KALAMAZOO—A University of Notre Dame scholar will visit Western Michigan University next week to address justice in European countries after the fall of communism as part of the 2013 George Klein Lecture.
Dr. Monica Nalepa, Notre Dame professor of political science and a faculty fellow at the Nanovic, Kroc and Kellogg institutes, will speak at 7 p.m. Tuesday, March 19, in Fetzer Center's Putney Auditorium. Her presentation is titled "Skeletons in the Closet: Transitional Justice in Post-Communist Europe" and is free and open to the public.
Born in Warsaw, Poland, Nalepa taught for two years at Rice University after receiving her doctoral degree from Columbia University in 2005. She arrived at Notre Dame in 2008. Her research focuses on transitional justice--ways in which new democracies deal with members and collaborators of the former authoritarian regime. In her work, she examines how democratic institutions, such as parliaments, elections, constitutions and veto players affect transitional justice.
Her publications include "Captured Commitments: An Analytic Narrative of Transitions with Transitional Justice," "Skeletons in the Closet: Transitional Justice in Post-Communist Europe" and "Punish All Perpetrators or Protect the Innocent? Comparing Systems of Transitional Justice."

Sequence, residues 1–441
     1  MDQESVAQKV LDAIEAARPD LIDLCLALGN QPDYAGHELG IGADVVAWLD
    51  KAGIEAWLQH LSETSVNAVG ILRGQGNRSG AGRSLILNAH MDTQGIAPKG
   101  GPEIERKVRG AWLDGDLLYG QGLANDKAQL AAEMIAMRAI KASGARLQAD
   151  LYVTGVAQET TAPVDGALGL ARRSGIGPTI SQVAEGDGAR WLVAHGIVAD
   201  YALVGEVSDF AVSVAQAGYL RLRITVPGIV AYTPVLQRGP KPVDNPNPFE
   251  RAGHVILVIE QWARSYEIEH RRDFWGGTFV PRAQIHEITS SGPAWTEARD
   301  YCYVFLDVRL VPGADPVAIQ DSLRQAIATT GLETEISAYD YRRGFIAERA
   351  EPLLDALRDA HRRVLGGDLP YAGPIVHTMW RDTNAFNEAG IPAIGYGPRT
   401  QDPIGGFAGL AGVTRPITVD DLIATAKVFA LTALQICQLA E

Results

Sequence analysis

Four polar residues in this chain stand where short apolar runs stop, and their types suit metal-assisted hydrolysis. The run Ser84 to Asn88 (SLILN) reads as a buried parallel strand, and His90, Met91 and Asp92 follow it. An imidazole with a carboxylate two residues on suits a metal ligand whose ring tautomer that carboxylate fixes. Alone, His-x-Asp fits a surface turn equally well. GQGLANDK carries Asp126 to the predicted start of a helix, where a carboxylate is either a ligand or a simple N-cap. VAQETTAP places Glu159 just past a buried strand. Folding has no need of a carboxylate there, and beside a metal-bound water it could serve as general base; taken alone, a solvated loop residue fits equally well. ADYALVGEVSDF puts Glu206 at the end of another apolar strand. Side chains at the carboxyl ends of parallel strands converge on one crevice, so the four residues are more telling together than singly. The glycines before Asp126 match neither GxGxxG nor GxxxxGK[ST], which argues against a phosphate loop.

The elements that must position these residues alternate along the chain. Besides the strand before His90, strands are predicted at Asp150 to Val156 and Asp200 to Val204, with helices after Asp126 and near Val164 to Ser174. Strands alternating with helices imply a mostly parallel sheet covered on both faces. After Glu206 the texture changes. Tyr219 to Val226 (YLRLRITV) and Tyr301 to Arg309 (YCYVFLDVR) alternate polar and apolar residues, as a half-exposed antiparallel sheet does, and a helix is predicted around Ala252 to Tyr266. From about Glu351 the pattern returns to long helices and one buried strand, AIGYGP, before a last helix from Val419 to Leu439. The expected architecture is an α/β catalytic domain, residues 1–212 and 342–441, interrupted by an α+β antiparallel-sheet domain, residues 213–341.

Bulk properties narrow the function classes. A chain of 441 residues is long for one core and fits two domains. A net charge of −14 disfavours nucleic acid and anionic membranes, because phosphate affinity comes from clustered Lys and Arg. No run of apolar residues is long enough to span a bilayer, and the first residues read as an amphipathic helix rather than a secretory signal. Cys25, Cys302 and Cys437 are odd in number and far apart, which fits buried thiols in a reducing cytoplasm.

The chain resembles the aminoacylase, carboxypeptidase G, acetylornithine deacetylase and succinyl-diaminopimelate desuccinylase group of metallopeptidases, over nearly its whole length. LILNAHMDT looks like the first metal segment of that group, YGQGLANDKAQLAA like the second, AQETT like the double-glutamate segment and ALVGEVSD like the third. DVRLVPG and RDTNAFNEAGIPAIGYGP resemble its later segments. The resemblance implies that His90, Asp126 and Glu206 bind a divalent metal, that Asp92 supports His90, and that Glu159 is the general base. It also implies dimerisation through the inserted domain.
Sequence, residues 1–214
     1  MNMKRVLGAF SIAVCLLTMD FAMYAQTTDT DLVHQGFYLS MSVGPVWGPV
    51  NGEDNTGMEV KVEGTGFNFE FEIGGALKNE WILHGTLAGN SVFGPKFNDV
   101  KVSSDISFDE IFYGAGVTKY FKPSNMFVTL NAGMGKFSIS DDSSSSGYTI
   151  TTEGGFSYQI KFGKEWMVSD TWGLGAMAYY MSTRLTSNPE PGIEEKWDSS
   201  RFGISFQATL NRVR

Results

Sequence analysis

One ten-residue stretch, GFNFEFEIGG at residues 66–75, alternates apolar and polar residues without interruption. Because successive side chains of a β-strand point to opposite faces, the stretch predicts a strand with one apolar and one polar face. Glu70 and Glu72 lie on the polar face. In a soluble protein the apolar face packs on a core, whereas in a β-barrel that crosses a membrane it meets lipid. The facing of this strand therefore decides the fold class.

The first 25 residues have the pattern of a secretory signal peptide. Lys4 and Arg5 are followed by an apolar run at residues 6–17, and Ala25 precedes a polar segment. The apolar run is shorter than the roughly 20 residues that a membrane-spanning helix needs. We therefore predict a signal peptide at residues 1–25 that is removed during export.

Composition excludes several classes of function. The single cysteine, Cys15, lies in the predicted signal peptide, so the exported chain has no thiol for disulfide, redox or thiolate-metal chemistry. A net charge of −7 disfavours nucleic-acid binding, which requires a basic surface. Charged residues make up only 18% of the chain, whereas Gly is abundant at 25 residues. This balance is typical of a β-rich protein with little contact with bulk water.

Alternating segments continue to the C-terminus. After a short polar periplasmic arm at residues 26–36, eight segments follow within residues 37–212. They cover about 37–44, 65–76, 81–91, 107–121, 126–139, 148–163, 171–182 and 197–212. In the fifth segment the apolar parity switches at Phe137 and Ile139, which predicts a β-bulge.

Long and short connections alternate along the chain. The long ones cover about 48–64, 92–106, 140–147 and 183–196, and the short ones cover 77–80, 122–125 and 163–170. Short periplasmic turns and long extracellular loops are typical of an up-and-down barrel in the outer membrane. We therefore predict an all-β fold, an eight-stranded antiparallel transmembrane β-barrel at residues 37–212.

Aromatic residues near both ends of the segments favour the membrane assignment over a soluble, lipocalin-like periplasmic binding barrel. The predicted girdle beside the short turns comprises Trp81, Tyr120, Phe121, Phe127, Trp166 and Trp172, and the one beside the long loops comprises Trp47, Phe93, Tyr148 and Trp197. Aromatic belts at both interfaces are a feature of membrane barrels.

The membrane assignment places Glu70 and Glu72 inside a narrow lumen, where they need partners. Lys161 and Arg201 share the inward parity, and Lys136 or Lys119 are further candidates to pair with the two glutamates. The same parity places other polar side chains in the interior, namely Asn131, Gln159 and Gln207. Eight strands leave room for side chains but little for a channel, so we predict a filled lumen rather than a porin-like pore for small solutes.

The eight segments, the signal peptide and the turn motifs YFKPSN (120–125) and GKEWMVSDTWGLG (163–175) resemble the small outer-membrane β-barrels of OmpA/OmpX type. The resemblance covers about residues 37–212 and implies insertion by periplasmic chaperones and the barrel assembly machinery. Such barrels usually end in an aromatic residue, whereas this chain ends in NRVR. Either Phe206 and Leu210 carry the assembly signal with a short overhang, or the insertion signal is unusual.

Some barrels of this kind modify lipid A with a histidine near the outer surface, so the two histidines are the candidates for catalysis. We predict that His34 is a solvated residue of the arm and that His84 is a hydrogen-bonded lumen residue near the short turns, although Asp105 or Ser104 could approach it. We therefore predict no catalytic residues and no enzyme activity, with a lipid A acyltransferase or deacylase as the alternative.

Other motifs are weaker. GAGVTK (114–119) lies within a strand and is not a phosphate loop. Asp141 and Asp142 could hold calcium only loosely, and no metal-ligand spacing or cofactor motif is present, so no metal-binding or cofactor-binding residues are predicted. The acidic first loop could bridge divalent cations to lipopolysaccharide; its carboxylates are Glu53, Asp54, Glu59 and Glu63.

Among topics in her talk, Nalepa will address why autocrats step down from power peacefully if they know they may be held accountable and when oppositions refrain from punishment.
George Klein Lecture
The 2013 George Klein Lecture is being organized by the Institute of Government and Politics in WMU's Department of Political Science. It is part of an annual lecture series named for a longtime professor of political science at WMU who died in 1982. Klein was an internationally known expert on Balkan politics and eastern European political systems. The Klein Lecture is supported by an endowment established in 1995 by his wife, Dr. Patricia Klein, WMU professor emerita of general studies.
Contact Dr. Peter Wielhouwer, associate professor of political science and director of the Institute of Government and Politics, at (269) 387-5685 for more information.